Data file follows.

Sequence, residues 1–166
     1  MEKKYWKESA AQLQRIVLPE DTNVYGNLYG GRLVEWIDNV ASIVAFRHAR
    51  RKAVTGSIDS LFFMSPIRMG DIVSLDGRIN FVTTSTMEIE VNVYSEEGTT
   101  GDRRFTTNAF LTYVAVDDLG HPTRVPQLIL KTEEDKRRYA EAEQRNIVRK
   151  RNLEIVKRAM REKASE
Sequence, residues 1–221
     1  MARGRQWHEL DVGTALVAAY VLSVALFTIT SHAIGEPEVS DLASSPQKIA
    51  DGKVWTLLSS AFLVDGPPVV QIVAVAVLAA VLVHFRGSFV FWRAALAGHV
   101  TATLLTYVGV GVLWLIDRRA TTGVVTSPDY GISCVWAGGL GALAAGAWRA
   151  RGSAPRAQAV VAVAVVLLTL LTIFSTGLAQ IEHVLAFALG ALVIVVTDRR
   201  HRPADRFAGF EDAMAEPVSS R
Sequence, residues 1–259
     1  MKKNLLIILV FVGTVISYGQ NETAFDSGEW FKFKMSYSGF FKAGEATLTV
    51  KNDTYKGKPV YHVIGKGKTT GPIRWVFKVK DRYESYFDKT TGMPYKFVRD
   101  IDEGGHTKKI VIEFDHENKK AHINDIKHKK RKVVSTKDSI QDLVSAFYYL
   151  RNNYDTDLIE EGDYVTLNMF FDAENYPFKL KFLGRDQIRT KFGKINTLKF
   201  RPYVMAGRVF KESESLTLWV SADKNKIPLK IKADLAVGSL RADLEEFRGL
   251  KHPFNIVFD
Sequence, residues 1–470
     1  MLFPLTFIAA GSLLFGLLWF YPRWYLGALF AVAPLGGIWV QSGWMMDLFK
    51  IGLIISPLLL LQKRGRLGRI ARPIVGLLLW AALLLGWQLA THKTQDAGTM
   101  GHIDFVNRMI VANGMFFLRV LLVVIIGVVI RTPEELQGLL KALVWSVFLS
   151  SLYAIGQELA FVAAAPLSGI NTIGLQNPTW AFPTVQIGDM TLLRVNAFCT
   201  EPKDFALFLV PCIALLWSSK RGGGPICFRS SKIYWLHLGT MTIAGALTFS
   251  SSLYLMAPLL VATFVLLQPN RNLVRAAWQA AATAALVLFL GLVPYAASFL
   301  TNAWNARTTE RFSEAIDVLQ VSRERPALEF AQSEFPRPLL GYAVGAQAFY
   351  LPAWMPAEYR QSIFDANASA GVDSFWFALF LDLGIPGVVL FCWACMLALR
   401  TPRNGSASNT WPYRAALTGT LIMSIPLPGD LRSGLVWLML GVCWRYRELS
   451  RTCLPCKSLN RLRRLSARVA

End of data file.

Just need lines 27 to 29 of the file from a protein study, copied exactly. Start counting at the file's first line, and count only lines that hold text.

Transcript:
   351  LPAWMPAEYR QSIFDANASA GVDSFWFALF LDLGIPGVVL FCWACMLALR
   401  TPRNGSASNT WPYRAALTGT LIMSIPLPGD LRSGLVWLML GVCWRYRELS
   451  RTCLPCKSLN RLRRLSARVA